When trying to figure out what market value or a fair price is for a property, Silicon Valley consumers will often look at recent sales nearby which they find online, extract an average price per square foot, and then decide that this is likely to be what a house or condo is worth based on those “comps”.
First factor: the unique real estate itself (how similar are the comps, really?)
Unfortunately, it’s not that simple to figure out that home’s likely sale price or the probable buyer’s value. Homes are much more nuanced than just the average price per square foot. Unless the comparable sold property is truly comparable in every way – similar quality of updating or remodeling, similar location, similarly expensive landscaping – and the timeframe recent, too, you’ll have to try to adjust based on varying factors. (And that’s not easy – it’s an appraiser’s area of expertise. But you may say “those comps had remodeled kitchens, so that may be worth X amount of money”. You would not ignore that big of a difference.) Look at the list of homes below – how much can you tell about remodeling, landscaping, or upgrades from a simple list? Not enough.
Second factor: speed of sale, number of offers
The situation surrounding each sale is likewise quite varied. A property that gets 4 or more offers on day 7 on the market is a different situation than 1 offer on day 43. If you are writing a real estate contract on a home that is getting multiple offers, it’s not going to help you to compare it to a stale listing that sold with just one offer. It’s not just comps: it can be the current competition that largely determines the final sale price of that house or condo.
Third factor: the seller and buyer conditions, contingencies, amount of cash
But wait, there’s more! Also feeding into the recipe are the buyer’s and seller’s unique behavior, needs, and wants. If a seller insists on a “seller contingency” to find a replacement property (meaning that the seller doesn’t have to go through with the sale unless the replacement home is secured), that will pull the sale price way down, if the home is able to go under contract at all.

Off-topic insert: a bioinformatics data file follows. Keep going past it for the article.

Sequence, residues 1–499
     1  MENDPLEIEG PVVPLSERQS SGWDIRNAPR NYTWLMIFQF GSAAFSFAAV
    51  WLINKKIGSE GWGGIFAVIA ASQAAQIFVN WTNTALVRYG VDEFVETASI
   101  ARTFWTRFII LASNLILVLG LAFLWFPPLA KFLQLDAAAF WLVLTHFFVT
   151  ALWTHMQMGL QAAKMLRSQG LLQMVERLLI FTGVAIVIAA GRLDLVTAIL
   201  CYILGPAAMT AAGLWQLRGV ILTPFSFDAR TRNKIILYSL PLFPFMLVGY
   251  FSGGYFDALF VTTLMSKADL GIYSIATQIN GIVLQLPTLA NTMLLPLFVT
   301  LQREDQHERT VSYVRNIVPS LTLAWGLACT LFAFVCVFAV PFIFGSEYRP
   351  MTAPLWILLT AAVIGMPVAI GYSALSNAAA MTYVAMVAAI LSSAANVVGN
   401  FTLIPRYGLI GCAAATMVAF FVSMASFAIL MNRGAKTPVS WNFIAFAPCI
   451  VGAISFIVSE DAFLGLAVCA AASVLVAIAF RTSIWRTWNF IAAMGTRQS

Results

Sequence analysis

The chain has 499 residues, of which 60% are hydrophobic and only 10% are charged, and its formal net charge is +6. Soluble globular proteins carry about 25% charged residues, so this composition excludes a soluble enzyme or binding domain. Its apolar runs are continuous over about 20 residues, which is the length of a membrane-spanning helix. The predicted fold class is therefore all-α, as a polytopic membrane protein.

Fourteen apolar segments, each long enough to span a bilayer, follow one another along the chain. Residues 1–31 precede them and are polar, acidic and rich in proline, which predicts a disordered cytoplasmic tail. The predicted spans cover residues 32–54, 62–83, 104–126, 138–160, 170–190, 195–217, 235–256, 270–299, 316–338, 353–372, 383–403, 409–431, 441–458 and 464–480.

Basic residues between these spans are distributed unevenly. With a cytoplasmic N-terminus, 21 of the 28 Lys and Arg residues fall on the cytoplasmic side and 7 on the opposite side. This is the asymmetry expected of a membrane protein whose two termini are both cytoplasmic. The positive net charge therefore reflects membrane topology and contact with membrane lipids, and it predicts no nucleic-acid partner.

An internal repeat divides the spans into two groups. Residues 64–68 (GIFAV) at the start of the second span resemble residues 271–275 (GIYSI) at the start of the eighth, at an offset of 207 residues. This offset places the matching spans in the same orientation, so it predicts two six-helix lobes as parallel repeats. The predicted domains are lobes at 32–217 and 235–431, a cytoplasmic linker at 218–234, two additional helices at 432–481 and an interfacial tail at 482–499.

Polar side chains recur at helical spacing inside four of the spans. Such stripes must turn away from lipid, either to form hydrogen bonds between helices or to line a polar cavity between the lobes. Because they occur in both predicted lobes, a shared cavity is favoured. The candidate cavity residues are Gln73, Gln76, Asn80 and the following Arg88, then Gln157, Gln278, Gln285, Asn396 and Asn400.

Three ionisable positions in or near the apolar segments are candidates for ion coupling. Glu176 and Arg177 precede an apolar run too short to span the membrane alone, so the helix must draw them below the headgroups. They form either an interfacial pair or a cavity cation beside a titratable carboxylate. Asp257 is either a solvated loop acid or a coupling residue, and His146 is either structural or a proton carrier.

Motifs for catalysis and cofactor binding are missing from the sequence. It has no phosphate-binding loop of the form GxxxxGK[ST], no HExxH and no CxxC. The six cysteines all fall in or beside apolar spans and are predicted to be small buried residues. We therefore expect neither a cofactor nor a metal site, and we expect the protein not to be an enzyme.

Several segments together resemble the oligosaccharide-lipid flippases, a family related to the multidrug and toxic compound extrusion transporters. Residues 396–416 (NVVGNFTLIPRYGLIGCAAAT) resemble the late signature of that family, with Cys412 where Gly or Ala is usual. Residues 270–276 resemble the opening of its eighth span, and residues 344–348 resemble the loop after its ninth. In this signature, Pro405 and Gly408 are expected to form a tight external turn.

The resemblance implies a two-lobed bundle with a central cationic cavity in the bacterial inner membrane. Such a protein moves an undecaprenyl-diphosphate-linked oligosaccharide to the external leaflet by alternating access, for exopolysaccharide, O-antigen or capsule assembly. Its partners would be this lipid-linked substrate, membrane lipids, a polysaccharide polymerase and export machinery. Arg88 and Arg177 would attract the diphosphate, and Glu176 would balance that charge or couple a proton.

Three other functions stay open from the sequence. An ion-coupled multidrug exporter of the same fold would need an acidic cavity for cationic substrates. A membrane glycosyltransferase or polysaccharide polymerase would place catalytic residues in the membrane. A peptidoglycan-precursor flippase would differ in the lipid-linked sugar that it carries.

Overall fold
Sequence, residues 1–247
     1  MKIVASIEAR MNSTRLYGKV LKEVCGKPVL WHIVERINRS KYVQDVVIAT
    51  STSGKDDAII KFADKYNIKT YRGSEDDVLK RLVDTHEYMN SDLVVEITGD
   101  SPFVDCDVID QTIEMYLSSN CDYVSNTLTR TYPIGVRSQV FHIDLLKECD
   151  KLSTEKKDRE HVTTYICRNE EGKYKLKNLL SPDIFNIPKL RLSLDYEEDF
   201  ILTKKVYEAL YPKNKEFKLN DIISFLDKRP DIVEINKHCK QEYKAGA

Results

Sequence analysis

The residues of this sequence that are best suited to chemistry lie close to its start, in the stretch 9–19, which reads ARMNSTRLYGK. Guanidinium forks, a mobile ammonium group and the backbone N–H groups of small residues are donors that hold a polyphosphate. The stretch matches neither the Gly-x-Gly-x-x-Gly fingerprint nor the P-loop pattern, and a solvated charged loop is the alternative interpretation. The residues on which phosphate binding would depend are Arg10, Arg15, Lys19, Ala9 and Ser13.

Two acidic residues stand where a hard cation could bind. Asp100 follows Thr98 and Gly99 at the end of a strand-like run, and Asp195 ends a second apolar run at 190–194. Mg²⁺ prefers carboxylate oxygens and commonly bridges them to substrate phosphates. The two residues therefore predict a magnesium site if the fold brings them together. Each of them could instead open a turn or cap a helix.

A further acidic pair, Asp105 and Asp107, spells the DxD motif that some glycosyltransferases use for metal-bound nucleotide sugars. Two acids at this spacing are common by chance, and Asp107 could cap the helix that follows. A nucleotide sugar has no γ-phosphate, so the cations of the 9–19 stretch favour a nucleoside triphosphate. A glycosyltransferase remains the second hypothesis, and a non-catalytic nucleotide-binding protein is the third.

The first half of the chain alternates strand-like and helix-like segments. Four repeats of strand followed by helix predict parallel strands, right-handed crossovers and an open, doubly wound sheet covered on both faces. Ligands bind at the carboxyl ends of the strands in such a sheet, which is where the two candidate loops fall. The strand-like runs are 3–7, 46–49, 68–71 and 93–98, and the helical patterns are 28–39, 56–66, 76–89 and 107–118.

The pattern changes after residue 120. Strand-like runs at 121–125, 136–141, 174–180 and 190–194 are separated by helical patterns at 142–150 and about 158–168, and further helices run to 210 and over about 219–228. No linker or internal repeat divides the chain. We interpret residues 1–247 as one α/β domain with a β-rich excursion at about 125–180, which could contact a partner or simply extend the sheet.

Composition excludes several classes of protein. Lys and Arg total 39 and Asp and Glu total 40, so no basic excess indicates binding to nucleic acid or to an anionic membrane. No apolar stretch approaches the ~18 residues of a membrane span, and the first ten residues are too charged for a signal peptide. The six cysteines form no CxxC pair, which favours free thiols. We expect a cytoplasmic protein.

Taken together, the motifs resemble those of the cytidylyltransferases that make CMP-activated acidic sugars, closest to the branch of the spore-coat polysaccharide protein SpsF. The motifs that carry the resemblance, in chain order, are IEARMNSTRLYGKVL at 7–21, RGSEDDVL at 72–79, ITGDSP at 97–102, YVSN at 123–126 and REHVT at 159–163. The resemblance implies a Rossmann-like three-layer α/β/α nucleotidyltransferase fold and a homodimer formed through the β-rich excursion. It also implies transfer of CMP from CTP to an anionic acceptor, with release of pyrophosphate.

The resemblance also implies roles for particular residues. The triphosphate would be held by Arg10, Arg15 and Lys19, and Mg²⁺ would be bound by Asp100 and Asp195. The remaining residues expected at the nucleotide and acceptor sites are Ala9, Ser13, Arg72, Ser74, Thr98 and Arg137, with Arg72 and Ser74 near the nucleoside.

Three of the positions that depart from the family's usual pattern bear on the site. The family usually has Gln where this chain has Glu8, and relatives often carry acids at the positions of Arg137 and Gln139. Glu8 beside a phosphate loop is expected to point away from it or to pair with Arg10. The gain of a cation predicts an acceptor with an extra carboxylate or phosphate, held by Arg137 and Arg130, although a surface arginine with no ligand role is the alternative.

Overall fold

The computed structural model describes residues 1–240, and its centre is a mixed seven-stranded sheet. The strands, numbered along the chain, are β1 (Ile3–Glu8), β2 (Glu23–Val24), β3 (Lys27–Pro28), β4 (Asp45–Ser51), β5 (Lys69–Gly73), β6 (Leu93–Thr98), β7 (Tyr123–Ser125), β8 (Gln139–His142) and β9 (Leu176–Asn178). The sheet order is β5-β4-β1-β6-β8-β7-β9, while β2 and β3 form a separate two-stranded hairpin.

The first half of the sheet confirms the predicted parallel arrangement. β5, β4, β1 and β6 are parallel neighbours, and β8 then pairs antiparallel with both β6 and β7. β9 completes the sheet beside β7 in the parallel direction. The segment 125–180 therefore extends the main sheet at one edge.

If a home seller makes it hard to view the property, or it is dirty and not well staged, that will probably make the house, townhouse, or condominium sell for less. There are other seller behaviors or conditions that usually hurt value, too. Sellers breathing down the neck of buyers, stalking them through the house, or not being out of the way is a big problem. Once I showed a home that was full of people, and two of them were in bed – in different rooms that we were told to enter! We could not leave fast enough.
If a buyer writes a contingent offer, meaning one with a contingency for the sale of his or her current home, that will often cause the sale price of the home to rise. Why? The seller won’t take on the extra risk without more reward. Likewise, a riskier offer with more contingencies, long contingencies, or low down payment will often bring a higher sale price.
An all cash offer with no contingencies for inspection or anything else will usually fetch the lowest sale price, because it has the lowest level of risk that the sale won’t go through.The seller will taeke less (not tons, but some), when the risk is almost non-existent.